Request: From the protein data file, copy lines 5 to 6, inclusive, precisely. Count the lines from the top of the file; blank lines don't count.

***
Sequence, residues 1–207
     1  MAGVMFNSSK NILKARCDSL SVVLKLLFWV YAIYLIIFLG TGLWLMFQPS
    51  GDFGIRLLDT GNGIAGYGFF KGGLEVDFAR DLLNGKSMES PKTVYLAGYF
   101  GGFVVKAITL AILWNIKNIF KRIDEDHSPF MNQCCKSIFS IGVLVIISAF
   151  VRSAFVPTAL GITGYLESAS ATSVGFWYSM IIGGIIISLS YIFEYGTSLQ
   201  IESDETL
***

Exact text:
   151  VRSAFVPTAL GITGYLESAS ATSVGFWYSM IIGGIIISLS YIFEYGTSLQ
   201  IESDETL